On Thursday 9 June 2022, HEPI is hosting its annual conference, ‘Challenges for the future? The student experience, good governance and institutional autonomy’. Register here.
The third in this blog series on Living Black at University was written by Hillary Gyebi-Ababio, Vice President for Higher Education at the National Union of Students. Find out more about Unite Students’ Commission here.
‘I was the only Black person in my halls.’
‘I didn’t know where to get my hair done or get cultural foods I ate at home.’
‘My flatmates keep touching my hair and commenting on my food, my clothes, my background.’
These are common things you hear from Black students about their time in university accommodation, settling into their new environment, surrounded by people they’ve never met. When students apply to university, they’re often met with glossy prospectuses showing hugely diverse student populations, and students looking like they’re having the time of their lives. For some students, this is a reality, but for many others, especially Black students, this is not the case.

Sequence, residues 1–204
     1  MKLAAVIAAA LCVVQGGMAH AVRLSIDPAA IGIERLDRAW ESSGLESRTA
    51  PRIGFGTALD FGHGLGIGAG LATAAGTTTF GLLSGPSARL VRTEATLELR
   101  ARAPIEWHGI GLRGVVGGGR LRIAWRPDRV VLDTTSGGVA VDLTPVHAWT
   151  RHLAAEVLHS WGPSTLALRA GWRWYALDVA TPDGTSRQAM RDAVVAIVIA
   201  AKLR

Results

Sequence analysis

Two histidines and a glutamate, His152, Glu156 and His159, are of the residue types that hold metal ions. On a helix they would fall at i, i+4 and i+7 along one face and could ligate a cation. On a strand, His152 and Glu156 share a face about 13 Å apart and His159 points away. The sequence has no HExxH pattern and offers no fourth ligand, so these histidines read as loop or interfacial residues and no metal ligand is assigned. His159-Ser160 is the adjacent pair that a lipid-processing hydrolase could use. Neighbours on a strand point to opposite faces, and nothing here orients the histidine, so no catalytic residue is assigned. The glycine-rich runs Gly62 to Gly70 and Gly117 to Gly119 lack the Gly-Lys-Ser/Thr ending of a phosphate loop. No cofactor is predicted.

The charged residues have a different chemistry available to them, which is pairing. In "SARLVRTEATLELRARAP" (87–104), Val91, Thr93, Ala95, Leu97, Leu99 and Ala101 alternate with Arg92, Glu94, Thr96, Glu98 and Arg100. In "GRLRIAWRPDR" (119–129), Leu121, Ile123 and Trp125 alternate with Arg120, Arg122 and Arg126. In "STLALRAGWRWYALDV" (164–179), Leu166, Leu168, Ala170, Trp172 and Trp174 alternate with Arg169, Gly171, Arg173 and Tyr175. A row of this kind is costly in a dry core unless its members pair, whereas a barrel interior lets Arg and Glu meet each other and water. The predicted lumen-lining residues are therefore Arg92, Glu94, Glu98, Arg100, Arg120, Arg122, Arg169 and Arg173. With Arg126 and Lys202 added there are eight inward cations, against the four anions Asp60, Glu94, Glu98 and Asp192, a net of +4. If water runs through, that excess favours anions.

Choosing accommodation depends on affordability, access to services, demographics and much more. These elements are crucial to creating an environment where students can either thrive or survive. For Black students, accommodation choices shape their first taste of university. It’s been commonplace that where Black students have been the only Black flatmate in their flat or even halls, they’ve been subjected to being probed about their hair, their cultures and their backgrounds – and have often felt intimidated by the presence of security in halls, often questioning their belonging there. It is often not the welcoming environment they are told they were coming into.